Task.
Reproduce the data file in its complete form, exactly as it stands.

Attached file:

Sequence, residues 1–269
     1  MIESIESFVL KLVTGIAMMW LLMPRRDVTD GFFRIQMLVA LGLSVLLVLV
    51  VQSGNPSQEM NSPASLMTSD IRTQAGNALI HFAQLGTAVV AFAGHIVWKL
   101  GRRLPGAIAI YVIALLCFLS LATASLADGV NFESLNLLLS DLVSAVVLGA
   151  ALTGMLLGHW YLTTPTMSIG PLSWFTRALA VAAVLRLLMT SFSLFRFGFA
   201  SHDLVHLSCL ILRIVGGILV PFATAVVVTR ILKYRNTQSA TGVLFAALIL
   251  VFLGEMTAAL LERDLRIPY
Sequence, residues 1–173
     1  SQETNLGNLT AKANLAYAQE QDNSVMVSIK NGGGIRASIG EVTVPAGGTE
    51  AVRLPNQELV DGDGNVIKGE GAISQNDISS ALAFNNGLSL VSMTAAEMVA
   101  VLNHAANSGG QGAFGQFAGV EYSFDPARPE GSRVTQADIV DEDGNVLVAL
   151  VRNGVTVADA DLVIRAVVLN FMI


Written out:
Sequence, residues 1–269
     1  MIESIESFVL KLVTGIAMMW LLMPRRDVTD GFFRIQMLVA LGLSVLLVLV
    51  VQSGNPSQEM NSPASLMTSD IRTQAGNALI HFAQLGTAVV AFAGHIVWKL
   101  GRRLPGAIAI YVIALLCFLS LATASLADGV NFESLNLLLS DLVSAVVLGA
   151  ALTGMLLGHW YLTTPTMSIG PLSWFTRALA VAAVLRLLMT SFSLFRFGFA
   201  SHDLVHLSCL ILRIVGGILV PFATAVVVTR ILKYRNTQSA TGVLFAALIL
   251  VFLGEMTAAL LERDLRIPY
Sequence, residues 1–173
     1  SQETNLGNLT AKANLAYAQE QDNSVMVSIK NGGGIRASIG EVTVPAGGTE
    51  AVRLPNQELV DGDGNVIKGE GAISQNDISS ALAFNNGLSL VSMTAAEMVA
   101  VLNHAANSGG QGAFGQFAGV EYSFDPARPE GSRVTQADIV DEDGNVLVAL
   151  VRNGVTVADA DLVIRAVVLN FMI